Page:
Parliamentary intervention would "free up the vast majority of Anglican clergy" who want to see same-sex marriage in the Church of England, Christian MP Ben Bradshaw has said.
The Labour MP for Exeter, also a member of the Ecclesiastical Committee, is due to present a motion in the House Commons next week, arguing for same-sex marriage in the Church of England.
Speaking to Premier Christian News, he said his Ten Minute Rule Bill would advocate for same-sex weddings to be allowed in parishes across the country in "certain circumstances" whilst protecting the right to conscious objection.
"What this bill does is enable those parishes, priests and cathedrals to conduct same-sex weddings if they wish to. There will be no compulsion, so it'd be rather similar in a way to the rules that govern the remarriage divorcees…or the same with women's ordination, parishes, as you know, some have an opt-out from having women priests," he said.
Ten Minute Rule Bills rarely become legislation and are often seen as an opportunity for an MP to campaign for a specific issue. For Bradshaw, the bill is "simply a means of Parliament expressing a view and sending a message to the Church of England leadership in the run-up to July's Synod".
While acknowledging that the bill is unlikely to have a "legislative impact," Bradshaw believes that its purpose is to try to "nudge the church in a positive direction," just as Parliament did with the Church's changes on issues such as divorce and the role of women in Church.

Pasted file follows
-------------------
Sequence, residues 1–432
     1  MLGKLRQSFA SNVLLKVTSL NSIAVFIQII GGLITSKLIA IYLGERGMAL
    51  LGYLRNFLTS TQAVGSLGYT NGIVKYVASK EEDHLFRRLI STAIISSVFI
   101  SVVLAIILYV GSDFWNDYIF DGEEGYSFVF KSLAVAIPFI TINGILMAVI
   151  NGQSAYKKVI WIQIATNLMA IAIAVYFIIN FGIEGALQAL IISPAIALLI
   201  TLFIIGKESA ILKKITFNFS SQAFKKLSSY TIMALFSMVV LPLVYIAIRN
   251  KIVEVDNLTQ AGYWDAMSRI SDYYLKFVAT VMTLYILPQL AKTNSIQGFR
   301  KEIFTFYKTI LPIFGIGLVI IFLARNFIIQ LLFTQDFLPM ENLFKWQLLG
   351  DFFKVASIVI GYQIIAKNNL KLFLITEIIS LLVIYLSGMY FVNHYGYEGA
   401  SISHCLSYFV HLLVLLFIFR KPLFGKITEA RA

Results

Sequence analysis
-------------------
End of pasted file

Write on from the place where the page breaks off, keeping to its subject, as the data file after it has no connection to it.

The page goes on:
"In each of those cases, Parliament had a role in sort of nudging the Church in a positive direction. All this bill is trying to do, really, is to nudge the Church to say, 'look, we're on your side, this is where parliament is, we'd like you to move forward on this'," Bradshaw continued.
Although still possible, the Church of England has not been legislated by Acts of Parliament since 1919. There is a constitutional norm that Parliament will not intervene in the Church's internal affairs without its approval.
Asked whether he thought Parliament should decide matters of doctrine in the Church, Bradshaw said that while he would prefer for the Church of England to take action on its own, he believes Parliament has a duty to ensure that all citizens are treated equally, regardless of their sexual orientation.
"Being an established church gives it a special role and brings with it enormous privileges, but it also brings with it a duty to serve everyone in the nation. And it's difficult, I think, for many parliamentarians, to see how the Church of England can fulfil that function in the medium to long term, as long as it continues to discriminate against a significant group in society," he said.
Bradshaw said comparisons of this bill to state intervention on religion in countries that would receive overall disapproval are "ridiculous".
"I think people who perhaps don't understand the role of Parliament in the Church need to ask themselves well, do you want that established status to continue? Or would you rather the Church of England were disestablished and became a sort of Protestant sect? I'm not in favour of that.
"I think the Church of England's established status brings with it huge benefits to the country in that you have a servant church that's there for everyone. But if it is going to be a church that's there for everyone, it has to be there for everyone, including, of course, its own priests, [that] at the moment, are not only prevented from marrying if they're in same-sex loving relationships, but they expected to be celibate."
He concluded: This [bill] would free up the vast majority of Anglican parishes and clear majorities - all the polls show a majority of Anglicans are in favour of treating lesbian and gay people equally - who want to move forward to do so."